Finally, we may note, the way the photographs are positioned varies from album to album.  The shots may be found within the narrative itself.  In this case, either the photograph is isolated within a drawn plate or it takes up a plate of its own.  The entire page is then covered by a single photograph or else by an accumulation of shots shown in multiple frames.  When photographs are redrawn, they are inserted within the memoir.  Shots that are external to the narrative are often situated at the beginning of the album, as a photographic incipit.  In that case, we have an individual portrait showing the hero of the book, that is to say, the person whose history is being narrated, before one comes upon his drawn representation.  In other cases, an addendum made up of notes and photographs (up to a dozen shots in Jérémie Drès’s Nous n’irons pas voir Auschwitz)6 is appended at the end of the album to fill out certain aspects of the memoir.

           The insertion of photographs is a near systematic practice within these historical graphic memoirs, though it is done in various forms, which is a phenomenon we do not observe as often in other types of comic-book works, particularly fictional ones.  The clear use of photography in graphic albums always relates to a specific artistic approach.  Guibert, for example, is the scenarist and illustrator for The Photographer,7 an exceptional album that hovers between the comic-book form and a photojournalistic account of a 1986 mission of Doctors Without Borders during the first Afghanistan War.  That album mixes together, in a unique way, drawings and hundreds of snapshots, presented separately or on contact sheets, which occupy one or several panels per page, and sometimes the entire page.  In another vein, Dave McKean does albums in which, within one plate, drawings, color photographs, collages of documents, and even newspaper pages can be mixed together with the aid of computer-processing programs and, in particular, of Photoshop software.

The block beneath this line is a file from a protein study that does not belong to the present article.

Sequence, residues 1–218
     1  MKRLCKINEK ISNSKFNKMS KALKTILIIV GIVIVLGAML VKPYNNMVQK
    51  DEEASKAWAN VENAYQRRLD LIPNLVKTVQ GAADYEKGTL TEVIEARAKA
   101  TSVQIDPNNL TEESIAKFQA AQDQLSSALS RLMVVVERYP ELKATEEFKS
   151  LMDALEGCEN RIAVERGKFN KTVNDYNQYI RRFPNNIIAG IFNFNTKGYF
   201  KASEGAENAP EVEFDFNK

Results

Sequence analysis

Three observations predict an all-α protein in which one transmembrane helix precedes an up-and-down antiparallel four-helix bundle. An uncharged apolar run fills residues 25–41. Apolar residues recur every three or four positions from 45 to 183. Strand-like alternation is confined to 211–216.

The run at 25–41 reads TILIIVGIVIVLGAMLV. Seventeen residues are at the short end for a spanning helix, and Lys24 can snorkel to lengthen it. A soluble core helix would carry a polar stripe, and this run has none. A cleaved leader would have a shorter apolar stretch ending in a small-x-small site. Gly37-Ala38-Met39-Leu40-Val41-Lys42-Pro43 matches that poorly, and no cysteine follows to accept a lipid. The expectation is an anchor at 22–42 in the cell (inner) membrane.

This therefore leads us to think that the use of the medium of photography in historical graphic memoirs answers to several needs.

Photography Fulfills Several Functions, Including Attestation, Memorization, and Aid in the Creation of Graphic Albums

           A drawing cannot attest that objects have been arranged as it presents them to us or that the artist has ever physically been present before those objects.  On the contrary, images resulting from the practice of photography attest to both these facts, as Roland Barthes recalls in Camera Lucida: “The noema of photography is simple, trivial; it has no depth whatever: ‘This has been.’"8
           Photography partakes in the process of the memorization of individual and collective history.  When this technique is employed within a graphic album, it helps to reinforce people’s memories and heighten the narrative’s connection with private life and the past.  Indeed, the author seeks above all to retain memory of the life of someone close to him, but showing that person’s photographic representation to the reader is a way of sharing with another the reality of that person’s existence and augmenting, one might say, his memory-surface.  Furthermore, it may be said that, as these individual stories recount a part of our contemporary history, the insertion of photographic shots that testify to facts relating to twentieth-century events augments our capacity to remember them.